The benefits of abusive supervision appeared to be short-lived, lasting a week or less. After that, abusive supervisors started to experience decreased trust, support and productivity from employees — and these are critical resources for the bosses’ recovery and engagement.

    According to the study, although workers may not immediately confront their bosses following abusive behavior, over time they react in negative ways, such as engaging in counterproductive and aggressive behaviors and even quitting.

    To prevent abusive behavior, the researchers suggest supervisors take well-timed breaks, reduce their workloads and communicate more with their employees. Communicating with workers may help supervisors by releasing negative emotions through sharing, receiving social support and gaining relational energy from their coworkers.

    Co-authors are Xin Qin from Sun Yat-sen University, Mingpeng Huang from the University of International Business and Economics, Qiongjing Hu from Peking University and Dong Ju from Communication University of China.


  6. Study suggests groups lie more than individuals

    September 14, 2017 by Ashley

    From the Institute for Operations Research and the Management Sciences press release:

    Do you pride yourself on being an honest person? Even individuals who have a proven track record of honest behavior are no match for the potentially negative influences present in a group dynamic, especially when money is at stake, according to a new study, published in the INFORMS journal Management Science.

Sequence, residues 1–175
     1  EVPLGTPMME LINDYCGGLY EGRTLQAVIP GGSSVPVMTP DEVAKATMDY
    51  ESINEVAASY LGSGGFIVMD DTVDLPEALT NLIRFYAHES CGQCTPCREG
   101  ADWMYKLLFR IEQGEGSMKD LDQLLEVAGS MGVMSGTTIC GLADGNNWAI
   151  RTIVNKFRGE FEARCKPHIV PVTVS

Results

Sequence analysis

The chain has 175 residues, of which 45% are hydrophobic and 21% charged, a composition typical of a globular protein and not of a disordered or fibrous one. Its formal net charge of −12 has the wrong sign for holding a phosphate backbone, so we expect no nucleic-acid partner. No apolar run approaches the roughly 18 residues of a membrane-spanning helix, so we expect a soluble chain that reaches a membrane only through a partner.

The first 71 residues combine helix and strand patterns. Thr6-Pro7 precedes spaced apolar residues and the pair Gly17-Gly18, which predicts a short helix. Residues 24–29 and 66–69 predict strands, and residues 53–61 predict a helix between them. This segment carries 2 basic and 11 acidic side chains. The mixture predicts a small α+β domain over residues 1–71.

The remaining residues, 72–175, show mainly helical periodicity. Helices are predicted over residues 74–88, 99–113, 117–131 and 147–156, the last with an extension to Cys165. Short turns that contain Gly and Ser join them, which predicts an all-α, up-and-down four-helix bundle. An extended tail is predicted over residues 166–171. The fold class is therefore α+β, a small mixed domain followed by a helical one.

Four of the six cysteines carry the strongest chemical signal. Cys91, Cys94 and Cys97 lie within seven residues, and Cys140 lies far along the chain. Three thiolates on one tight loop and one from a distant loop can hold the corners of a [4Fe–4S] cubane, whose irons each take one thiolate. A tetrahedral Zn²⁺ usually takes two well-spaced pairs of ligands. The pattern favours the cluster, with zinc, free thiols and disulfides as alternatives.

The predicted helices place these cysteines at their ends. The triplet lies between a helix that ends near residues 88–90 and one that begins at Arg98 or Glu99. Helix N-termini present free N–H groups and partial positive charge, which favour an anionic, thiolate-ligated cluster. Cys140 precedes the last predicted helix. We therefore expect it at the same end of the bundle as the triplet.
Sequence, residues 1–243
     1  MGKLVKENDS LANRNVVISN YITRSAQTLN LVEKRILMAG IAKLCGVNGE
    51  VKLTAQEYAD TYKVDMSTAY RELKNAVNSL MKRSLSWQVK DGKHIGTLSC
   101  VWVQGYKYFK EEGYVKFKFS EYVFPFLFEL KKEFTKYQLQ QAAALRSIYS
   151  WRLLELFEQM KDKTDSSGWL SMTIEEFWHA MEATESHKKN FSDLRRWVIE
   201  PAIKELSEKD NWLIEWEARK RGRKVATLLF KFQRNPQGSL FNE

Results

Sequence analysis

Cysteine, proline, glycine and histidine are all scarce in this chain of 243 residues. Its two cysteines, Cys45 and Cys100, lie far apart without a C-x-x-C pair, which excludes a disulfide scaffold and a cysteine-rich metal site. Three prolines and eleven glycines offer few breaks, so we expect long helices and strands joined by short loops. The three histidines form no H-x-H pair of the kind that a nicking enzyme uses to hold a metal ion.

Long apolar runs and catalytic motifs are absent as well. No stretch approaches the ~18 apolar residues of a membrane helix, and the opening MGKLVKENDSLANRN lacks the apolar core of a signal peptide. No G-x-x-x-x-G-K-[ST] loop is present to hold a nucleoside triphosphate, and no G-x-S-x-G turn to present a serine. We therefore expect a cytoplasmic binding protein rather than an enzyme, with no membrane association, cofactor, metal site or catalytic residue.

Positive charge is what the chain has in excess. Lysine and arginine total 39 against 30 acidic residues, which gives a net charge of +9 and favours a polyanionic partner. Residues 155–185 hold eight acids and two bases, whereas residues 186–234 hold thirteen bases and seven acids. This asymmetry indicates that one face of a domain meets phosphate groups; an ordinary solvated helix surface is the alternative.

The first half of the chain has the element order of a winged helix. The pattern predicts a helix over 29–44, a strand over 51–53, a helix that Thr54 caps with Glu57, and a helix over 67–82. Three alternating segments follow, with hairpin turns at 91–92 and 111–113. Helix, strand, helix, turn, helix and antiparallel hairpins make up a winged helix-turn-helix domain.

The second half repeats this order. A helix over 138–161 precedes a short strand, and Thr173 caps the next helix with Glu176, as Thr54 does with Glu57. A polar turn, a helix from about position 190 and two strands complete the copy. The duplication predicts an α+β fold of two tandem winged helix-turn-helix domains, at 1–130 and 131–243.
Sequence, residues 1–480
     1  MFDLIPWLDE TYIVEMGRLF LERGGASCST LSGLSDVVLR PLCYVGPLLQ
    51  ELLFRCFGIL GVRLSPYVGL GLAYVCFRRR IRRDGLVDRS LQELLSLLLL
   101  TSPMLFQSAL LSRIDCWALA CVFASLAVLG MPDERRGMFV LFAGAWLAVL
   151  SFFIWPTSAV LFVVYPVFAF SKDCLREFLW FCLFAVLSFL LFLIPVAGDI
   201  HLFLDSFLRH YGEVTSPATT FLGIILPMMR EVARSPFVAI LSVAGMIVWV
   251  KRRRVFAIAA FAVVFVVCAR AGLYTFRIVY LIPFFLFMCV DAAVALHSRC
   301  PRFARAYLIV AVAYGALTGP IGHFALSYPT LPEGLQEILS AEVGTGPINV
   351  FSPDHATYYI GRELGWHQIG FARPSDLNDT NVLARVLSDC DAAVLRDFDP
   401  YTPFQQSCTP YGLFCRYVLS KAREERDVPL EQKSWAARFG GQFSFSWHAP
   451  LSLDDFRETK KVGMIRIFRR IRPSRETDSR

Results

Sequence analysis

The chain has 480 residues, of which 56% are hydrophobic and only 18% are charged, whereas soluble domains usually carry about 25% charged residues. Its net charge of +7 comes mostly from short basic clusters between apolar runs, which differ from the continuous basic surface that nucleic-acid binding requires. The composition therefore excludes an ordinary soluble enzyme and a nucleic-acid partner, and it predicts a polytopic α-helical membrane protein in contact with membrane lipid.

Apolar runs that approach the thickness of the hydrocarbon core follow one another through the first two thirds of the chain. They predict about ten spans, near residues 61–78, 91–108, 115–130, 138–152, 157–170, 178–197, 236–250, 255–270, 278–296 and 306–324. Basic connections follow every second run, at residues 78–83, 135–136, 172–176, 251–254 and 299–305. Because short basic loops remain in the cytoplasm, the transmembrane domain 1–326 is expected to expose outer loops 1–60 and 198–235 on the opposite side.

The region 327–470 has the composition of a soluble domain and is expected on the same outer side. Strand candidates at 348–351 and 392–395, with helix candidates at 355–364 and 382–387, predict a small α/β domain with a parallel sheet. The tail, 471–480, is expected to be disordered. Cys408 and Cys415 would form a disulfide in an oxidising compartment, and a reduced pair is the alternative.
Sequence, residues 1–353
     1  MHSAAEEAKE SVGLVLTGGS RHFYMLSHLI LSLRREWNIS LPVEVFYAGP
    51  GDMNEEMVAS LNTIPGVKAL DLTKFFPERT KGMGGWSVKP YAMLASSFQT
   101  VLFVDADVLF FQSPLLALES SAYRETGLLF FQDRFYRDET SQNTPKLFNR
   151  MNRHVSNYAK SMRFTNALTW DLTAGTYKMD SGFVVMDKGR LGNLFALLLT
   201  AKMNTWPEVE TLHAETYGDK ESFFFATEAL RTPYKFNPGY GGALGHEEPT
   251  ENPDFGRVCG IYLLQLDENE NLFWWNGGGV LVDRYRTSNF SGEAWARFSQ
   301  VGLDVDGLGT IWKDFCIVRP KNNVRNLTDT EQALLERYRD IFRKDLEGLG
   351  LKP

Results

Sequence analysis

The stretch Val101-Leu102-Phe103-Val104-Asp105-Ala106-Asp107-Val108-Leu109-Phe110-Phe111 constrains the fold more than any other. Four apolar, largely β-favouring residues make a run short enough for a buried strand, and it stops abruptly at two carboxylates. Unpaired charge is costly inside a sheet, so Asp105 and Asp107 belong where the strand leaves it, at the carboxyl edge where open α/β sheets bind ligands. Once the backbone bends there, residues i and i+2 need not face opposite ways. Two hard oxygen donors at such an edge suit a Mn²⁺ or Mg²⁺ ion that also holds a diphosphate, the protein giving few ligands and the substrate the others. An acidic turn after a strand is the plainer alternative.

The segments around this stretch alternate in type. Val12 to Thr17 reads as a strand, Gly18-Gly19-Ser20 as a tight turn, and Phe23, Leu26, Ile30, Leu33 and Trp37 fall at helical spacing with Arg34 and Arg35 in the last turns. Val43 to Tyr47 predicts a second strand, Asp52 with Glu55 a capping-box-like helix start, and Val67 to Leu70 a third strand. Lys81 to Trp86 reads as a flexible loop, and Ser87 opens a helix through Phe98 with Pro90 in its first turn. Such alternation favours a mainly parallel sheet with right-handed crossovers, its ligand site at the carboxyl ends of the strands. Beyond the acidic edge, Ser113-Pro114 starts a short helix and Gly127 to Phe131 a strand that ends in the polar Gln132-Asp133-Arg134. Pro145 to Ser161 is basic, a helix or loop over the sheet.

When organizations are exposed for large-scale deceptive or corrupt behavior, often it is not the actions of one or two employees, but a coordinated effort of many individuals, to include upper level management. Prominent examples include the bankruptcies of WorldCom and Enron, and even more recently, the alleged issuance of faulty emissions certificates by German car manufacturer Volkswagen. The study, “I lie? We lie! Why? Experimental Evidence on a Dishonesty Shift in Groups,” explored what motivates a group of people, especially those who previously behaved honestly, to work together to deceive.

    The study authors, Martin G. Kocher, Simeon Schudy and Lisa Spantig, all of the Ludwig-Maximilians-University of Munich, studied 273 participants in both individual and group situations. Participants, who were paid for their role in the study, were shown video of dice rolls and asked to report the number shown on the die. The higher the reported die roll, the larger the monetary compensation. Participants were evaluated on an individual basis, and in two group settings: one in which all members of the group must report the same die roll to receive a payoff, and another in which members do not have to report the same die roll to receive a payoff. In the group settings, members are able to communicate with each other via a chat feature.

    “We observed that groups lie significantly more than individuals when group members face mutual financial gain and have to coordinate an action in order to realize that financial gain,” said Kocher.

    Of the 78 groups that participated in the study, arguments for dishonesty were explicitly mentioned in 51 percent of the group chats. In fact, of the messages that were exchanged among group members, 43.4 percent argued for dishonest reporting, while only 15.6 percent consisted of arguments for honesty. Interestingly, the authors found that the number of individuals in each group who had exhibited dishonest behavior in the individual portion of the study had no real impact on these results, as dishonesty occurred even in groups where all members had previously responded honestly.